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Please use this identifier to cite or link to this item: https://dspace.lboro.ac.uk/2134/34622

Title: Perceived links between playing surfaces and injury: A worldwide study of elite association football players
Authors: Mears, Aimee
Osei-Owusu, Paul
Harland, Andy R.
Owen, Alun
Roberts, Jonathan R.
Keywords: Soccer
Football playing surfaces
Injury
Perception
Surface properties
Questionnaire
Issue Date: 2018
Publisher: © The Authors. Published by SpringerOpen
Citation: MEARS, A. ... et al., Perceived links between playing surfaces and injury: A worldwide study of elite association football players. Sports Medicine - Open, 4:40.
Abstract: Background: Injuries in association football (soccer) are debilitating for players and can also be detrimental to the success of a team or club. The type or condition of a playing surface has been empirically linked to injuries, yet results are inconclusive. The overall purpose of this study was to analyse elite football players’ perceived links between playing surfaces and injury from a worldwide cohort of players. The results of this study can help to inform areas for future playing surface research aimed at trying to alleviate user concerns and meet user (i.e. the player) needs. Methods: Quantitative data were collected from 1129 players across the globe to address the aim of this study. Results: Ninety-one percent of players believed the type or condition of a surface could increase injury risk. Abrasive injuries, along with soreness and pain, were perceived to be greater on artificial turf. Surface type, surface properties and age were all potential risk factors identified by the players and linked to the playing surfaces. Conclusions: The results identified three areas where future research should be focussed to help develop surfaces that alleviate user concerns and meet user (i.e. player) needs: (i) current reporting of soreness, pain or fatigue as injuries, (ii) contribution of surface properties to injury; and (iii) surface experience of players from different countries differentiates their views of injury risk.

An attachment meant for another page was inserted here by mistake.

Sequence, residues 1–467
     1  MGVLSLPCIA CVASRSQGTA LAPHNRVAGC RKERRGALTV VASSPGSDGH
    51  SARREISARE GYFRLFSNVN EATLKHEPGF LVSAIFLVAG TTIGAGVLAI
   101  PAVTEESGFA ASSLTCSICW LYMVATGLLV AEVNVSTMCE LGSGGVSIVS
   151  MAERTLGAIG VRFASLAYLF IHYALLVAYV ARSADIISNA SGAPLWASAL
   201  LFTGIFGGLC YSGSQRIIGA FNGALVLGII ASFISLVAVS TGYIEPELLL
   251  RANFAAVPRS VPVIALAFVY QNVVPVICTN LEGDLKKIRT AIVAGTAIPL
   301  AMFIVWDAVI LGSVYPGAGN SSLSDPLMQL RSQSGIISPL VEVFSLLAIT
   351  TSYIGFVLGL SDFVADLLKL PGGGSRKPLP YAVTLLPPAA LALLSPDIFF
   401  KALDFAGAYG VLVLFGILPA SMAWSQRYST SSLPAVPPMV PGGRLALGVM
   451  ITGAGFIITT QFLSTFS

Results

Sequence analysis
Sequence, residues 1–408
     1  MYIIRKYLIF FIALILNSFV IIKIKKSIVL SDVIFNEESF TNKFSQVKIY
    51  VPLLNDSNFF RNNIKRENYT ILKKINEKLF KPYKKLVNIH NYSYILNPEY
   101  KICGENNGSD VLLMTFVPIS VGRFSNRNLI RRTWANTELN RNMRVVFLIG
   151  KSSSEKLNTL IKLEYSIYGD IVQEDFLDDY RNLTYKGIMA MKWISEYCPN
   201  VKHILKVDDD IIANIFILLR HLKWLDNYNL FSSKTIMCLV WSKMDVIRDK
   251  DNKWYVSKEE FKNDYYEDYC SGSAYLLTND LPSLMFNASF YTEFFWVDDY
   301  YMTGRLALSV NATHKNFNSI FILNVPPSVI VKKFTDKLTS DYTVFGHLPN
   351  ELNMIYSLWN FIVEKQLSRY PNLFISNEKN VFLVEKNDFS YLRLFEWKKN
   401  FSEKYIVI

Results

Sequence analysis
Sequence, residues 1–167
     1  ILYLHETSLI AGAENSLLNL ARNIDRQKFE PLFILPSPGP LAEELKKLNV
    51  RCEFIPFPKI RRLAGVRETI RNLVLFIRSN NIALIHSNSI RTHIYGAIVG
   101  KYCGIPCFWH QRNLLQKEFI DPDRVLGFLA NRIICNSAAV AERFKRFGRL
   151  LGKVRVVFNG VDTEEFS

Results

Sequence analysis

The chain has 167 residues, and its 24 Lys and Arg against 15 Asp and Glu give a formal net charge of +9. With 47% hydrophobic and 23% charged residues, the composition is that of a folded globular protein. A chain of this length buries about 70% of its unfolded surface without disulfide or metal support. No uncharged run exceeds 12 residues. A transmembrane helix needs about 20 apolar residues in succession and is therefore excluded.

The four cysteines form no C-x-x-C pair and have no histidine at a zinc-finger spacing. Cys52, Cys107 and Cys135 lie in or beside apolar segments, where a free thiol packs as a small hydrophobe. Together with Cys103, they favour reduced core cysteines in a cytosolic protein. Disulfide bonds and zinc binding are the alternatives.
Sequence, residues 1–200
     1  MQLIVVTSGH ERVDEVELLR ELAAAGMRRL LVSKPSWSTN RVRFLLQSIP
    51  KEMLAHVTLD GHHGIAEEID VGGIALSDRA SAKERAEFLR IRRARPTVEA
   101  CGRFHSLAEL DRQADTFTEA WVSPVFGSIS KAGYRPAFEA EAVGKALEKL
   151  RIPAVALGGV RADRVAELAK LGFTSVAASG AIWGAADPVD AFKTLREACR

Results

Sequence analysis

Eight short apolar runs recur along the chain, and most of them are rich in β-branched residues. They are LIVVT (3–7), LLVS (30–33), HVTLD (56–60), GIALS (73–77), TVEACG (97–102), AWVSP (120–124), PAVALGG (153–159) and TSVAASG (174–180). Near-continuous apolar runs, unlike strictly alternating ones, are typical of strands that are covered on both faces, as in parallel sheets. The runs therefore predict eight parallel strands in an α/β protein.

Description: This is an Open Access Article. It is published by Springer under the Creative Commons Attribution 4.0 Unported Licence (CC BY). Full details of this licence are available at: http://creativecommons.org/licenses/by/4.0/
Sponsor: This research was funded by the Federation Internationale de Football Association (FIFA).
Version: Published
DOI: 10.1186/s40798-018-0155-y
URI: https://dspace.lboro.ac.uk/2134/34622
Publisher Link: https://doi.org/10.1186/s40798-018-0155-y
ISSN: 2198-9761
Appears in Collections:Published Articles (Mechanical, Electrical and Manufacturing Engineering)

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